How to best shape the shapers of young minds

28 Jun 2018

Dr Anne Looney addresses the crowd at Inspirefest 2018. Image: Conor McCabe Photography

Dr Anne Looney, the dean of education at DCU, made an extremely compelling case at Inspirefest 2018 about how the role of teachers is both vital and overlooked in the quest to build a more innovative society in the future.

Our society has undergone some drastic changes in recent years. The advent of the computer and the proliferation of the internet has already sent ripples of change through our world, and emerging technologies such as AI and blockchain promise to bring about an even greater transformation.

In many ways, these technologies provide our world with a make-or-break opportunity. Either we will be swallowed up by our own ambitious endeavours, or they will catapult us into the next phase of existence.

There are a lot of things we need to have in the figurative toolbox when approaching this challenge and one of them is, unquestionably, innovation. The society of the future needs to be one in which the level of innovation rises to meet the unique demands of the new world we’ve created. According to Dr Anne Looney, the dean of education at Dublin City University (DCU), there is a cohort of people who are both vital and occasionally overlooked as a resource in driving innovation: teachers.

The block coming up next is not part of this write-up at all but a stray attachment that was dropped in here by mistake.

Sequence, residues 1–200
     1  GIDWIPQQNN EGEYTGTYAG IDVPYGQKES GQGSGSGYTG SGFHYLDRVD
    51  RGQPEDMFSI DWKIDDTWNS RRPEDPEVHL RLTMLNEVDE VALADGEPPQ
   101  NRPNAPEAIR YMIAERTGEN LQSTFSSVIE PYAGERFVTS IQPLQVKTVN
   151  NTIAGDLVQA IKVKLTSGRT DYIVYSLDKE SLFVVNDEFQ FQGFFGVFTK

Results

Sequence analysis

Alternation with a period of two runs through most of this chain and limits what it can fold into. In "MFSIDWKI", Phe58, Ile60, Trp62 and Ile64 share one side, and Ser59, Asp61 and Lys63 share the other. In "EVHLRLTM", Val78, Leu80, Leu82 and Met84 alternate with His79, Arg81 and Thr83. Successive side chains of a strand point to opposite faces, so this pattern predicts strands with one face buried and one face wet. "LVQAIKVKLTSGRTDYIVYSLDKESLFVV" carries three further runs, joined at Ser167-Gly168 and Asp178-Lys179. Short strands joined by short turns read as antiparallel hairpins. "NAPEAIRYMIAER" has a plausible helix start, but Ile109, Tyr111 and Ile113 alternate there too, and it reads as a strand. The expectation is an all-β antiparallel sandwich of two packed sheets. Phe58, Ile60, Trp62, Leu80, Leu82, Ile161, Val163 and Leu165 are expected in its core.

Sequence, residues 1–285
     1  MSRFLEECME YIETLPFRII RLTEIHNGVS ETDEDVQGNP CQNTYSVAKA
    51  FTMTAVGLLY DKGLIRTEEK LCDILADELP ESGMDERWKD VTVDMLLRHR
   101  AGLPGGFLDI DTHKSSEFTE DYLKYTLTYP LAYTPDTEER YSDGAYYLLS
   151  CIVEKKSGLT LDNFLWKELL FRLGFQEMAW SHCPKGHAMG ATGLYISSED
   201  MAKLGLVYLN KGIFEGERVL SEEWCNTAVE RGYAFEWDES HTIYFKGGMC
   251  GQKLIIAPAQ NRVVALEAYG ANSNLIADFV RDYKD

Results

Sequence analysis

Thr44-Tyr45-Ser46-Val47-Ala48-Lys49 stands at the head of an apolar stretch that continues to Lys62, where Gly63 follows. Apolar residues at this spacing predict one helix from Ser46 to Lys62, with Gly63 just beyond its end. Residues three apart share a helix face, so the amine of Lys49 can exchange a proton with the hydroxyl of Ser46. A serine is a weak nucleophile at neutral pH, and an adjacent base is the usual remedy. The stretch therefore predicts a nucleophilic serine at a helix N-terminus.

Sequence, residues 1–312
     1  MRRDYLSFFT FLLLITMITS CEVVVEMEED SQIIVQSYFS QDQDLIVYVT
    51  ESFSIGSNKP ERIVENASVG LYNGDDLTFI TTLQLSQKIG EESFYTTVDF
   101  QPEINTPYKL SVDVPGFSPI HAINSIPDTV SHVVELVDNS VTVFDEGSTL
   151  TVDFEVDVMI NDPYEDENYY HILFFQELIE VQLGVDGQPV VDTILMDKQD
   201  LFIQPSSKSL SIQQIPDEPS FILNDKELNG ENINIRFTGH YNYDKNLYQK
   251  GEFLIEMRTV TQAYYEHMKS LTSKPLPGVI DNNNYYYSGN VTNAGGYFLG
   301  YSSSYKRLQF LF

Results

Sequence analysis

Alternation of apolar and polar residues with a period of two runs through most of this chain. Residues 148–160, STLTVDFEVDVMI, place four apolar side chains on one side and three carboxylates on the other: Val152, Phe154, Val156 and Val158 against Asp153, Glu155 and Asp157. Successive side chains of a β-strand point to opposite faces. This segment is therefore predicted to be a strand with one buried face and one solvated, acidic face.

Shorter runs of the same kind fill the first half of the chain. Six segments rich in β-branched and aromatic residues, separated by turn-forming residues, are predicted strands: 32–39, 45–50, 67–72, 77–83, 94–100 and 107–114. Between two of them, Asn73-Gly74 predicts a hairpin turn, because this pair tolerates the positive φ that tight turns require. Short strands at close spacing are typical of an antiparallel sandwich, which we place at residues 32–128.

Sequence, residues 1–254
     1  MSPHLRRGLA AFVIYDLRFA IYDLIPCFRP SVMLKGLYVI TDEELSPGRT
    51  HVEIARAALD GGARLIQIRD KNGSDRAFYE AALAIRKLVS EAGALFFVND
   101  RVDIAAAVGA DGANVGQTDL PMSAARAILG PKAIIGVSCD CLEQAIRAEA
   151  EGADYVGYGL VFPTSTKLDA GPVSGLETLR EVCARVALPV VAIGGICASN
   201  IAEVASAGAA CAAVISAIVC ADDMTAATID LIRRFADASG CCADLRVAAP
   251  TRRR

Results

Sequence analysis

Teachers in Ireland tend to be among the best and brightest in the second-level education system. Unlike other jurisdictions, admission into teacher training is highly competitive and the demand for these courses, Looney explained, is only rising. So, from the outset, they are highly motivated and a highly intelligent group.

In addition to this, however, Looney pointed out a fact that most of us will immediately and intuitively understand to be true: teachers are, after parents, the most influential figures in children’s lives, and therefore are “the most important resource we have in creating and sustaining cultures of innovation”. This influence is not only mighty but generally longstanding, as most of the teachers who have only just emerged from training programmes will be teaching until 2050.

Teachers are the ones shaping young minds and, therefore, are the ones helping to form the architects of our future. So, the importance of ensuring that teachers are in turn trained in such a way as to be “innovators, adventurers and seekers” – in other words, paragons of our loftiest ambitions for society – cannot be overstated.

For the people at DCU, one key element to ensuring these traits are fostered is making sure that teachers don’t merely leapfrog between educational institutions. So, DCU has endeavoured on a “departure from teacher education” in a new programme that sees would-be educators spend the summers before they take up their roles in schools working in tech companies, start-ups, NGOs and more, something Looney said has never been done before.

Exposing them to different career experiences and different ideas will, DCU imagines, help them become broader-minded and more creative. So far, Looney said, the results have been “extremely positive”, so much so that it is attracting rapt global interest.

To hear Looney’s address in full, check out the video above from Inspirefest 2018.

Inspirefest is Silicon Republic’s international event celebrating the point where science, technology and the arts collide. Ultra Early Bird tickets for Inspirefest 2019 are available now.

Eva Short was a journalist at Silicon Republic